Palestinians make up 37 percent of Jerusalem's population of 866,000. Despite Israel's portrayal of Jerusalem as united, there are stark differences between Arab and Jewish parts of the city.

West Jerusalem's tidy pedestrian malls and winding bike paths stand in jarring contrast to the garbage-strewn, pot-holed streets of east Jerusalem. Many Palestinians work in menial jobs in the west side, where salaries are higher and work more plentiful. A ring of Jewish neighbourhoods that Israel has built throughout east Jerusalem enjoys the same infrastructure and development as the west side.

One aspect of the new project is to encourage Hebrew language learning and promote the adoption of the Israeli school curriculum as opposed to the Palestinian one, steps organizers say are aimed at opening the doors to Israel's economy. They say the project will also address land-use issues, erect commercial centres and increase access to public services.

Lior Schillat, the director-general of the Jerusalem Institute for Policy Research, called the program "historic," saying it was the first time an Israeli government was investing so heavily in the area's economic development.

In 2014, the government set aside a special budget of 200 million shekels ($55 million) for the area, a fraction of the current project.

The city spends 9 to 11 percent of its budget on Palestinian neighbourhoods, not proportional to their population, said Meir Margalit, a dovish former Jerusalem city council member. A municipality spokeswoman said the city has made "unprecedented" investments in east Jerusalem in recent years.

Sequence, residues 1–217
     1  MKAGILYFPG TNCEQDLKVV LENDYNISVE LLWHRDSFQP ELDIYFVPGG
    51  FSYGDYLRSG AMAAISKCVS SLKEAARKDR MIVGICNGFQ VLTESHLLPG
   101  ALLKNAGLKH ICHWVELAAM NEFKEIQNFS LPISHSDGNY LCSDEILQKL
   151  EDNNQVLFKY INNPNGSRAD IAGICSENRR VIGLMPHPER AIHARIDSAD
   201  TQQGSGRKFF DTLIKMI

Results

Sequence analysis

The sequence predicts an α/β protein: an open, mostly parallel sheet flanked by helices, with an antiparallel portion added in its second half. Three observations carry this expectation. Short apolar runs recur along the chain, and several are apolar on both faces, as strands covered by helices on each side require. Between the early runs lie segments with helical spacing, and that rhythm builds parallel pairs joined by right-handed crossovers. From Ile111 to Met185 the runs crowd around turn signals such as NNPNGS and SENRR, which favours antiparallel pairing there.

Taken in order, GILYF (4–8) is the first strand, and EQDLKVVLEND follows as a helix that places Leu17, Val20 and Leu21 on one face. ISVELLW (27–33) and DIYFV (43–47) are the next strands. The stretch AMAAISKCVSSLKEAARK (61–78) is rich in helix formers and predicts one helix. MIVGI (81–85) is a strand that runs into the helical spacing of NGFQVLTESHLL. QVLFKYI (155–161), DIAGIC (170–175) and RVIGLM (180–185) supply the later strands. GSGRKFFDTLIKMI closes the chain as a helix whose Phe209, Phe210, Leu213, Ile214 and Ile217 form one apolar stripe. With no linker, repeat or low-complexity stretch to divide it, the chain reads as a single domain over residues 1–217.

A shopkeeper waits for customers in the Muslim Quarter of the Old City in Jerusalem. Israel says it hopes the program will improve living conditions in impoverished Palestinian neighbourhoods and give residents access to Israel’s high-tech economy. But Palestinians fear the plan is a way of cementing Israel’s control over the city. Picture: Mahmoud Illean/AP

Organizers say they expect to see marked change brought by the new program within a few short years.

Schillat said there are indications more Palestinians are looking to Israel for economic opportunities rather than the West Bank or the broader Middle East. He said more people are enrolling in Israeli universities and colleges, more are applying for citizenship and half of all employed Palestinian east Jerusalemites work in West Jerusalem or surrounding Jewish towns. He said mistrust might be alleviated once a change is seen on the ground.

Mohammad Owaida, an east Jerusalem resident, an adviser to the Jerusalem Affairs Ministry and a participant in the project, said he is not concerned about the government's intentions so long as the project delivers change.

"I don't care what (Elkin's) agenda is. I care about improving the lives of 400,000 residents," he said, adding that he believed most people agreed with him but were too frightened to speak up.

Others say it is flawed because its conception didn't include a prominent role for east Jerusalemites — few of whom hold government positions — although organizers say they consulted frequently with residents. The project's celebratory launch, held at the Israeli president's residence, included a number of Israeli dignitaries, but few Palestinian faces.

"It's a great project but it came too late and didn't include local representatives," said Ramadan Dabash, one of a handful of Palestinians to ever run for Jerusalem city council. "Who knows east Jerusalem like those who live here?"

Critics also say they've seen past Israeli attempts to address the needs of the city's Palestinians falter.

"These are attempts to basically entice the Palestinian population to waive or dilute their national identity as Palestinians and to go Israeli," said Daniel Seidemann, a Jerusalem expert highly critical of government policies.

His solution to east Jerusalem's problems?

"A border."

AP